potato-growing-box

How to Build and Use a Potato Grow Box

The concept of growing potatoes vertically has been around for a while. Potatoes grown in a typical garden do use up a considerable amount of space. Gardeners with limited space often look to alternatives that will allow them to make maximum use of what space they do have. A potato grow box is an alternative that can be used in all USDA Zones.

Why Grow Vertically?

What makes potatoes unique is that they form tubers along the portions of the stem that grow underground. More room for underground stems means more tubers will form along the stem. These tubers may not be as large as those grown in the usual fashion, but overall productivity in terms of the weight of the crop is often comparable.

The Potato Box

A potato box is pretty much what it sounds like – a series of wooden frames that can be stacked one on top of the other. No formal plans are necessary. As the potatoes in the box grow taller, additional frames are added and the above-ground portions of the potato plant are covered with more soil. Tubers will form along the buried portions of stems.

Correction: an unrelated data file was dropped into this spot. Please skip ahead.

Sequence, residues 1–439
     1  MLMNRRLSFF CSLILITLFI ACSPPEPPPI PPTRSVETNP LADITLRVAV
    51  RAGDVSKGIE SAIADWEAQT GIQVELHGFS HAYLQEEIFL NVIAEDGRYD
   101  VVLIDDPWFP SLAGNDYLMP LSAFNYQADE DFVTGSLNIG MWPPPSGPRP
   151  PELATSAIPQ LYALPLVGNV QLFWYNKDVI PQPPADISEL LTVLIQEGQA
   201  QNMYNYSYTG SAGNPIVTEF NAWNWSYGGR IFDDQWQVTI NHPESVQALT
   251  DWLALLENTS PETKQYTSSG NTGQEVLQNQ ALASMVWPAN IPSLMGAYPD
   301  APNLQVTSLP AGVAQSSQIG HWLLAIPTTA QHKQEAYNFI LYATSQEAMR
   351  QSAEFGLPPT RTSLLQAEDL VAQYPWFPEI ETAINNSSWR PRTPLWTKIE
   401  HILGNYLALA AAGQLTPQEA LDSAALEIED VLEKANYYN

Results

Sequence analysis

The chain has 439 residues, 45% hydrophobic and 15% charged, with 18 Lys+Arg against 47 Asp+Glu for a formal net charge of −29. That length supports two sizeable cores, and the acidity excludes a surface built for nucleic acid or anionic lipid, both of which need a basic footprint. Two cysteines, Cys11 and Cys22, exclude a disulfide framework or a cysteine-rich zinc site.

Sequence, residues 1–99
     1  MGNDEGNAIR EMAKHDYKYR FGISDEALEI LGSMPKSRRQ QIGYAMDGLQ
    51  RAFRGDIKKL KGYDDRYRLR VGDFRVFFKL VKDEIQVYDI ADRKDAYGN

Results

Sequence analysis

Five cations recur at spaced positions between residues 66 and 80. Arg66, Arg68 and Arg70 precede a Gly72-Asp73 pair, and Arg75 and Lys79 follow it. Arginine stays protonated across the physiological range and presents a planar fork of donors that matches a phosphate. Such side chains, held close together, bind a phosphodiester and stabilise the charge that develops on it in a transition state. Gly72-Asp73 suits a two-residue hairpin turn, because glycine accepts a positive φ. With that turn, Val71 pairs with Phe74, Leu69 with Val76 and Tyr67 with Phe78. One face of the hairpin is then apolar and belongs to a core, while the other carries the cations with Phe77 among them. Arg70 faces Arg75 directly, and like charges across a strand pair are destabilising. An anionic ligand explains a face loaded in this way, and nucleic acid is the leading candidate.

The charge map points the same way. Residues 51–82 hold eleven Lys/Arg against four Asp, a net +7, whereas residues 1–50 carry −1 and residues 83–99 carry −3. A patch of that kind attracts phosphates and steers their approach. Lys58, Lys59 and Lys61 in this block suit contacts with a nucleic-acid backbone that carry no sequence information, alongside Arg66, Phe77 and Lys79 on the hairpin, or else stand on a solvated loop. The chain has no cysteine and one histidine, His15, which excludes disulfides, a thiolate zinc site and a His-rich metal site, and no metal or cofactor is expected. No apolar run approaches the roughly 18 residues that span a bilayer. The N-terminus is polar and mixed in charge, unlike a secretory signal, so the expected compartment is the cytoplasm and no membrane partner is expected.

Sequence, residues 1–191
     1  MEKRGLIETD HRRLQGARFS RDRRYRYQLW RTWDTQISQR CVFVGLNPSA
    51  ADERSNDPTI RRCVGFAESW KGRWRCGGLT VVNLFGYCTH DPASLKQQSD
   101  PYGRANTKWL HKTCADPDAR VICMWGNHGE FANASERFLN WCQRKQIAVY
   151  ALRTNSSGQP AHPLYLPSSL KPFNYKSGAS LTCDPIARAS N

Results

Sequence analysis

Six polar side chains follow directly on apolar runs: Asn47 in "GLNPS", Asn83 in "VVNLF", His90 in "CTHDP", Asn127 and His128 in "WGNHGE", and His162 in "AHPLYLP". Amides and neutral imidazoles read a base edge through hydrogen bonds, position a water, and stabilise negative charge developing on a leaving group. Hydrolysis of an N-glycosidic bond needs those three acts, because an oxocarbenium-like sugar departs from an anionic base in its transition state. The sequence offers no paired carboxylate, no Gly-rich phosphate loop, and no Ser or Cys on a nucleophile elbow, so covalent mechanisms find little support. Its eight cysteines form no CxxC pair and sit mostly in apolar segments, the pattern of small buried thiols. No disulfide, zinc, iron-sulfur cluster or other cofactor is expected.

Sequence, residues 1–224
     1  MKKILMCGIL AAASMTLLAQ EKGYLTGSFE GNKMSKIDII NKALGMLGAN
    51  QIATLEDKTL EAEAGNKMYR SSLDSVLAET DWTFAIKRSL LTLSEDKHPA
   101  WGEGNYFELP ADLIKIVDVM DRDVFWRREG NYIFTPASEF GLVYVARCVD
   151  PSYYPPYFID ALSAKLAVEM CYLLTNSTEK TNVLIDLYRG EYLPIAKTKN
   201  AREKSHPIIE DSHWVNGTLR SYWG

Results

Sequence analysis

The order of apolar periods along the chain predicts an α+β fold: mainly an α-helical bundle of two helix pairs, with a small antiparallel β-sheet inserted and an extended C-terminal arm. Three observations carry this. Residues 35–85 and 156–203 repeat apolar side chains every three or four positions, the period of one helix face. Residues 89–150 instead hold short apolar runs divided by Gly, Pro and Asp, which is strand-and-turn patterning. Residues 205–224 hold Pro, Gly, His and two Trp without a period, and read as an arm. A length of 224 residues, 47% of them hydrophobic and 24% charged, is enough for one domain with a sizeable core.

Building a Potato Box

Choose water-resistant wood such as cedar. Although any screws will work, brass screws are more rust-resistant. To build a box, you’ll need:

  • Untreated wood boards – six 2”X6” boards each eight feet long.
  • Untreated wood studs – two 2”X2” studs each six feet long.
  • A one-pound box of 2 ½” deck screws.
  • Drill and drill bits.

Construction Directions

Cut the studs into four pieces 33 inches long. Cut the boards into 12 lengths of 21 inches and 12 lengths of 24 inches. Pre-drill holes to make it easy to remove screws. Screw two 21-inch and two 24-inch board lengths to together to form a rectangle. Repeat to make a total of six rectangular frames. Place one 2”x2” stud on the inside of each corner and screw into place.

Set-up and Planting.

Place the first frame on the ground or wherever you plan to grow your potatoes. Make sure it’s in full sun. Slide a second frame over the studs. Fill the box with soil. You can use commercial potting soil or mix your own. Soil should drain well, have lots of humus and be slightly acidic and high in fertility. Plant your seed potatoes about three inches deep and cover with soil.

Growing On and Harvesting

As your potatoes grow, add another frame each time the above-ground growth is a foot high. Cover one-third of the plant with soil. Keep your plants well-watered until the tops start to die down, then stop watering. Harvest potatoes by removing the lowest board on the frame. Remove potatoes, replace the frame and repeat the process every two weeks. Or simply turn the box on its side and harvest the entire crop.